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Battle of Aljubarrota (1385) Options
Daemon
Posted: Wednesday, August 14, 2019 12:00:00 AM
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Battle of Aljubarrota (1385)

At a time of war, famine, and plague in Europe, the Portuguese village of Aljubarrota became the site of a momentous battle in which the Portuguese, aided by English archers, defeated the forces of the Spanish King John I of Castile, assuring Portuguese independence from the Castilian crown. Nuno Álvares Pereira, the man who led the revolt against Castilian domination, emerged from the battle a hero. He later became a monk and was recently canonized. Who was the Portuguese king at the time? More...
KSPavan
Posted: Wednesday, August 14, 2019 1:01:05 AM

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Battle of Aljubarrota (1385)
At a time of war, famine, and plague in Europe, the Portuguese village of Aljubarrota became the site of a momentous battle in which the Portuguese, aided by English archers, defeated the forces of the Spanish King John I of Castile, assuring Portuguese independence from the Castilian crown. Nuno Álvares Pereira, the man who led the revolt against Castilian domination, emerged from the battle a hero. He later became a monk and was recently canonized.
KSPavan
Posted: Wednesday, August 14, 2019 1:01:06 AM

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This Day in History
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Battle of Aljubarrota (1385)
At a time of war, famine, and plague in Europe, the Portuguese village of Aljubarrota became the site of a momentous battle in which the Portuguese, aided by English archers, defeated the forces of the Spanish King John I of Castile, assuring Portuguese independence from the Castilian crown. Nuno Álvares Pereira, the man who led the revolt against Castilian domination, emerged from the battle a hero. He later became a monk and was recently canonized.
Adyl Mouhei
Posted: Wednesday, August 14, 2019 7:01:56 AM

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Battle

Panel of glazed tiles by Jorge Colaço (1922), representing the Ala dos Namorados during the battle of Aljubarrota. On the fallen knight's shield can be read "for my lady". Lisboa, Pavilhão Carlos Lopes.
The initiative of starting the battle was with the Castilian side. The French allied heavy cavalry charged in full strength, in order to disrupt order in the enemy lines. Even before they could get into contact with the Portuguese infantry, however, they were already disorganized. Just as at Crécy, the defending archers and crossbowmen, along with the ditches and pits, did most of the work. The losses of the cavalry were heavy and the effect of its attack completely null. Support from the Castilian rear was late to come and the knights that did not perish in the combat were made prisoners and sent to the Portuguese rear.[citation needed]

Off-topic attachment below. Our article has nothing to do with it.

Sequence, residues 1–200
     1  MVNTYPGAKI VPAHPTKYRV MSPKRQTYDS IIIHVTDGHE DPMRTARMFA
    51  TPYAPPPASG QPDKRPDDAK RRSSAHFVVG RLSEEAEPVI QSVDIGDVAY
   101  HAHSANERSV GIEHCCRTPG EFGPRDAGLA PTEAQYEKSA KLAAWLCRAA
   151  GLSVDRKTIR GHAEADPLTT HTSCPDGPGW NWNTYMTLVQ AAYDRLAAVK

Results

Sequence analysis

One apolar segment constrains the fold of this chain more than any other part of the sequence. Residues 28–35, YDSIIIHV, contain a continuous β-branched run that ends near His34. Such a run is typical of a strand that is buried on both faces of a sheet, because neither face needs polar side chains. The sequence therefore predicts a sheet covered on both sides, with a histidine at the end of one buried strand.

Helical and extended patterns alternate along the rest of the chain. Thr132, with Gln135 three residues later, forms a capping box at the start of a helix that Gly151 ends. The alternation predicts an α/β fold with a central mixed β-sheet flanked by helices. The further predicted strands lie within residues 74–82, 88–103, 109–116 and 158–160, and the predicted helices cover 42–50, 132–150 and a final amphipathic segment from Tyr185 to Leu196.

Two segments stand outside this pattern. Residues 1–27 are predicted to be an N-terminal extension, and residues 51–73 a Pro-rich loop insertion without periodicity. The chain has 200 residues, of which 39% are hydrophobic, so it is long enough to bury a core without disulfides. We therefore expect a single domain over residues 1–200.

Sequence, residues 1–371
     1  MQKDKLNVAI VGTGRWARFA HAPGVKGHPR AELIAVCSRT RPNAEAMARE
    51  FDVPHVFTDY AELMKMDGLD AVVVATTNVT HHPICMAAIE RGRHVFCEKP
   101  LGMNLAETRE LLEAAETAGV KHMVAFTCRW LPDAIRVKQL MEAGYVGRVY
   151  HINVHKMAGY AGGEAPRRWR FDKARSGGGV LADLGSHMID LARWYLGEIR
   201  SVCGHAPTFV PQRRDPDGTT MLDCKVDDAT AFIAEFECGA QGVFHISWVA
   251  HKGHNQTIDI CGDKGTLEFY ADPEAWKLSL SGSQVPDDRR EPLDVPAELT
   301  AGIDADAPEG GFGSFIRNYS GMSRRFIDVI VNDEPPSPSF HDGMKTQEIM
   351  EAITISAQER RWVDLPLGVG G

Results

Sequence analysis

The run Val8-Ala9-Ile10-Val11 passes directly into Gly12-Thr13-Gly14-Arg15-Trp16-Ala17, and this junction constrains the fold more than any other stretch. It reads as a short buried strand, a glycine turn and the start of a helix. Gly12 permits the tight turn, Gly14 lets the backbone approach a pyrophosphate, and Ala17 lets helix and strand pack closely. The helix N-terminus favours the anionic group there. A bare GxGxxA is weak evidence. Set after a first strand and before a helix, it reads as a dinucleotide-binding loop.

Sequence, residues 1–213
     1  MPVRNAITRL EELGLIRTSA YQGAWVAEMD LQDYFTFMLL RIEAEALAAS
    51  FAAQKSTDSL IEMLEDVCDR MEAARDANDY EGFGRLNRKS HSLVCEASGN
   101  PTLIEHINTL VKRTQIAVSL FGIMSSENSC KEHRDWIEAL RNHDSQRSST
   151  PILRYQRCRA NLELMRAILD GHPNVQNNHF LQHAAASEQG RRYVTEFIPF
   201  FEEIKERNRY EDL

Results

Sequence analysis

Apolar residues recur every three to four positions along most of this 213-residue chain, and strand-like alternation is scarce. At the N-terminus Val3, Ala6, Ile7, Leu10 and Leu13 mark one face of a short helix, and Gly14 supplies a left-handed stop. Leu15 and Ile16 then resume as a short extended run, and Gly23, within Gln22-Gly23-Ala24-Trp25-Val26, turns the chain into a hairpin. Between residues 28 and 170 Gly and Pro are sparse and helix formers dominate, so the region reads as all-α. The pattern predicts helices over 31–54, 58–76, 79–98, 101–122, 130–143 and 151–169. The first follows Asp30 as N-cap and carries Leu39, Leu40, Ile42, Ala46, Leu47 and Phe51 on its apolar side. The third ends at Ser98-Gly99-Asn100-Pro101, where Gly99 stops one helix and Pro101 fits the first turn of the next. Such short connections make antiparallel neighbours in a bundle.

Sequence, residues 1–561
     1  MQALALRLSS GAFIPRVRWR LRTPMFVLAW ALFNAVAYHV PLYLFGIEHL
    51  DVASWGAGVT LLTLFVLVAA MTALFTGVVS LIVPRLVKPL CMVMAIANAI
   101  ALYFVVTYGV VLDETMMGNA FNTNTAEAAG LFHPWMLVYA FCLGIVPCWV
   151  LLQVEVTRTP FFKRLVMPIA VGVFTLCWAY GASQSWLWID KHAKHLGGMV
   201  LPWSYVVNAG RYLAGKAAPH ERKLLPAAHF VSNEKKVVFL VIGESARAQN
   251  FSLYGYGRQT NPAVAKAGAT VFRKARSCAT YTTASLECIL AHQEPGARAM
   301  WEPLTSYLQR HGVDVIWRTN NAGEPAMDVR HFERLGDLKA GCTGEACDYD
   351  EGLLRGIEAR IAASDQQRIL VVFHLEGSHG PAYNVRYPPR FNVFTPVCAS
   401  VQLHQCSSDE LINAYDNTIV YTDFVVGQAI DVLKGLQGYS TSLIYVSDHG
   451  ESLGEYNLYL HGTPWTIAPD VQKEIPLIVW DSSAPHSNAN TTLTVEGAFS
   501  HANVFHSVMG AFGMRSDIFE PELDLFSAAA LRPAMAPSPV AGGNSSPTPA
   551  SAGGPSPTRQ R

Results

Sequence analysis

At this point the main Castilian force entered the battle. Their line was enormous, due to the great number of soldiers. In order to get to the Portuguese line, the Castilians became disorganized, squeezing into the space between the two creeks that protected the flanks. At this time, the Portuguese reorganized. The vanguard of Nuno Álvares Pereira divided into two sectors. John of Portugal ordered the archers and crossbowmen to retire, while his rear troops advanced through the space opened between the vanguards. With all his troops needed at the front, there were no men available to guard the knight prisoners; John of Portugal ordered them to be killed on the spot and proceeded to deal with the approaching Castilians.[citation needed]

Advancing uphill with the sun on their backs, squashed between the funnelling Portuguese defensive works and their own advancing rear, and under a heavy rain of English longbowmen's arrows shot from behind the Portuguese line and crossbow quarrels from behind both the Sweethearts' and the Honeysuckle wings on their flanks, the Castilians fought to win the day. The Castilian knights on the main body were forced to dismount and break in half their four-metre-long lances in order to join the constricted melèe alongside their infantry.

At this stage of the battle, both sides sustained heavy losses, especially on the "Ala dos Namorados" where the Portuguese students became renowned for holding off the heavily armoured knights of the Castilian wings who, still on horseback, attempted to flank the Portuguese lines. A similar attack was more successful on the right "Honeysuckle" flank, though only briefly and late in the fight.

By sunset, only one hour after the battle began, the Castilian position was indefensible. When the Castilian royal standard-bearer fell, the already demoralized troops on the rear thought their King was dead and started to flee in panic; in a matter of moments this became a general rout where Juan of Castile had to run at full speed to save his life, leaving behind not only common soldiers but also many still dismounted noblemen.[citation needed]

The Portuguese pursued them down the hill and, with the battle won, killed many more while there was still light enough to see the enemy.
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